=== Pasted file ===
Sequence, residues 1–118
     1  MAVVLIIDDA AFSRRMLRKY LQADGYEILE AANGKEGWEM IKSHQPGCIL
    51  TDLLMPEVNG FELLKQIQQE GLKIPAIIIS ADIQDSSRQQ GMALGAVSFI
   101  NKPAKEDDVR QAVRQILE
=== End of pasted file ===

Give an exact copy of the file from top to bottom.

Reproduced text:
Sequence, residues 1–118
     1  MAVVLIIDDA AFSRRMLRKY LQADGYEILE AANGKEGWEM IKSHQPGCIL
    51  TDLLMPEVNG FELLKQIQQE GLKIPAIIIS ADIQDSSRQQ GMALGAVSFI
   101  NKPAKEDDVR QAVRQILE